// Gucci plans to go carbon neutral
// The initiative is part of Gucci’s partnership with UN project Redd+
Gucci has announced plans to go carbon neutral in a bid to tackle climate crisis.
The luxury retailer’s strategy stretches from its supply chain to its fashion shows.
“The more time that goes by, the more reports from the scientists are clear – the planet has gone too far,” Gucci chief executive Marco Bizzarri told the Guardian.
The initiative is a part of its partnership with UN project Redd+.
By incorporating its entire supply chain into its strategy, which includes external businesses such as the tanneries, Bizzarri said Gucci was targeting the part of its production that causes the most damage.
The early supply chain currently accounts for 90 per cent of its greenhouse gas emissions.
It is also working to reduce materials wastage and use of water, upcycling more, using technology to reduce its impact, and relying more on organic fibres or sustainable materials like econyl.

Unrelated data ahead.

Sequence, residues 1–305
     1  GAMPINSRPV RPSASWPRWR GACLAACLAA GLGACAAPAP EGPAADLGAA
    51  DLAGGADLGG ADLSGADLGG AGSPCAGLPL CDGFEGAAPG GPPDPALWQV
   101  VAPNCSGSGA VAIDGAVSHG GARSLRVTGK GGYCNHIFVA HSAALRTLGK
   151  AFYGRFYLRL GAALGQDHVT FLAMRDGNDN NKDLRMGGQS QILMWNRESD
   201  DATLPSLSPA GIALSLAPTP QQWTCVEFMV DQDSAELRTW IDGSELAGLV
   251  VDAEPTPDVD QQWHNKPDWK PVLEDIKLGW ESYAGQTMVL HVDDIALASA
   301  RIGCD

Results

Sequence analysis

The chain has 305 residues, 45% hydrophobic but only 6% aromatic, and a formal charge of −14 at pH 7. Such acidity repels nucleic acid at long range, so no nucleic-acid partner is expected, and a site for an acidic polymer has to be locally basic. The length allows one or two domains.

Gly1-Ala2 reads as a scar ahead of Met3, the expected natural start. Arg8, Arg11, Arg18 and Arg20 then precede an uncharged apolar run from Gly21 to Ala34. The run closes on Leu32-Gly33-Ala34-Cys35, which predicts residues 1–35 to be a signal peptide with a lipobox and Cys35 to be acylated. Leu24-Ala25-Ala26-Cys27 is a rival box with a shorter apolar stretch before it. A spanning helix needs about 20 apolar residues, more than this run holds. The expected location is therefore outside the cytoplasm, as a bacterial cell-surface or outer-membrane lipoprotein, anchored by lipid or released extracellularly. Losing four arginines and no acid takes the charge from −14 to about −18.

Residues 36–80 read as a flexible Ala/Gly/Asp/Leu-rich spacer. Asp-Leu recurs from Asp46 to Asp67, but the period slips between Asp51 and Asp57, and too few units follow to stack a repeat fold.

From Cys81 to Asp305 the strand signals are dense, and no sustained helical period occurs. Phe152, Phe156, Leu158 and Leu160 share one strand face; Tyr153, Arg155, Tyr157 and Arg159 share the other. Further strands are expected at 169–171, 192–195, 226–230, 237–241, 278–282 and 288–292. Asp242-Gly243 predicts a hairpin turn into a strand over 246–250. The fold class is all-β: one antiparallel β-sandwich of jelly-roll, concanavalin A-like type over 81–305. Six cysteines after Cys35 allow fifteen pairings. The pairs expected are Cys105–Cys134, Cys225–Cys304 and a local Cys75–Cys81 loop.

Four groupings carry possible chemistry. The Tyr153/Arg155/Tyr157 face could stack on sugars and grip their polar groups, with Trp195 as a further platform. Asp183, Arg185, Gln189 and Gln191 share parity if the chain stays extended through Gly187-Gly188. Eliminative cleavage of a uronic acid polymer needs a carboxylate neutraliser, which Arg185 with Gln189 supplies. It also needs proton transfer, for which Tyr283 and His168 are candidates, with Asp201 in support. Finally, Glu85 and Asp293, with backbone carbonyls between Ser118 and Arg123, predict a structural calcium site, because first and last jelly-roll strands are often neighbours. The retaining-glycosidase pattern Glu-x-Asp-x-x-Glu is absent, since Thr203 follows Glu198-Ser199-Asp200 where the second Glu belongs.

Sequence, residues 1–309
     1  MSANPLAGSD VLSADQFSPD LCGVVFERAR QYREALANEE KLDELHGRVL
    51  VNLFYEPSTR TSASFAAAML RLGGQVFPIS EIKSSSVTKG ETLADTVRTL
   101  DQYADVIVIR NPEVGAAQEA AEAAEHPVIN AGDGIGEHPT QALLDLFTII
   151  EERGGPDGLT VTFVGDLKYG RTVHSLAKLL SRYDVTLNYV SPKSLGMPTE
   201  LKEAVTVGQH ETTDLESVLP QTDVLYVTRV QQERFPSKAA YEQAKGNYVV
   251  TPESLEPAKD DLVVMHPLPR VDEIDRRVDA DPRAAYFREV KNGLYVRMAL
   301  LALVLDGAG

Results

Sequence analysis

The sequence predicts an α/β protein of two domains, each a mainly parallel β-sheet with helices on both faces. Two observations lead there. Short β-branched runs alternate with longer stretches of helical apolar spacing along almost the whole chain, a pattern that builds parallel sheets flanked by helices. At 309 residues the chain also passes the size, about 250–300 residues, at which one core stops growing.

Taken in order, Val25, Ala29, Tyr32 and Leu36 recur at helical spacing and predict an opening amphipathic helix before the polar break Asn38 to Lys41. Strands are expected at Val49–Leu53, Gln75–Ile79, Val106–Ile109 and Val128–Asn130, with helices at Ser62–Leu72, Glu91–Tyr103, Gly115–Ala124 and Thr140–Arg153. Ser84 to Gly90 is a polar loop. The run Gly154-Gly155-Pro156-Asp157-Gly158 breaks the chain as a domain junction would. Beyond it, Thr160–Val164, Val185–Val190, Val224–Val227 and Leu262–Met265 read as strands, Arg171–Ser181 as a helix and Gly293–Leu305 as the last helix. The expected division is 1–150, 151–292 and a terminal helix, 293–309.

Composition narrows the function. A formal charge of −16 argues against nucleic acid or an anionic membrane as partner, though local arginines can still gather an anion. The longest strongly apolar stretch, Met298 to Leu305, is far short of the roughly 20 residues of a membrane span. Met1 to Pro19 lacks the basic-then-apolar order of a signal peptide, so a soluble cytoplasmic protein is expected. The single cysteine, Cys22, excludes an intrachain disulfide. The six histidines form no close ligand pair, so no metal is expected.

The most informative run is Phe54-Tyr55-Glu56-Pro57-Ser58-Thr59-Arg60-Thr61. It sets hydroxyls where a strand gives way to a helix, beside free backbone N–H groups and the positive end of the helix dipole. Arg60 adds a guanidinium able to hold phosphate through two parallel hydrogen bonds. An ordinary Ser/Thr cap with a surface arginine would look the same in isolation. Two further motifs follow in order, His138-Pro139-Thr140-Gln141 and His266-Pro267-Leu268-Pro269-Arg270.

“But if we wait to be perfect, in terms of the calculation of impact or methodology, to me it’s just an excuse for not doing it,” Bizzarri said.
“More and more, we just need to act. We are not perfect and it’s not a matter of saying we are the best, it’s a matter of showing it can be done, and hopefully others will follow this path.
“In the future we can look at going in that direction, but at the moment for me the level of technology is not yet there, so the show is the best way to present the ideas of a luxury fashion house like ours, the level at which we do these shows is paramount in the connectivity of our creative directors and design teams because they express the narrative of the collection to customers.”
For its spring/summer 2020 show, due to take place in Milan next week, Gucci will offset its guests’ carbon footprint and the set of the show will be reused in its shops.
“For a company like ours, there is no better way to do it than to offset,” Bizzarri said.
“The best way to have zero emissions is to close the company, but then 18,000 people will lose their jobs.”
Meanwhile, Gucci’s environmental profit and loss initiative has been operating since 2015 as a part of its 10-year sustainability strategy.
The strategy includes reducing greenhouse gas emissions by 50 per cent by 2025.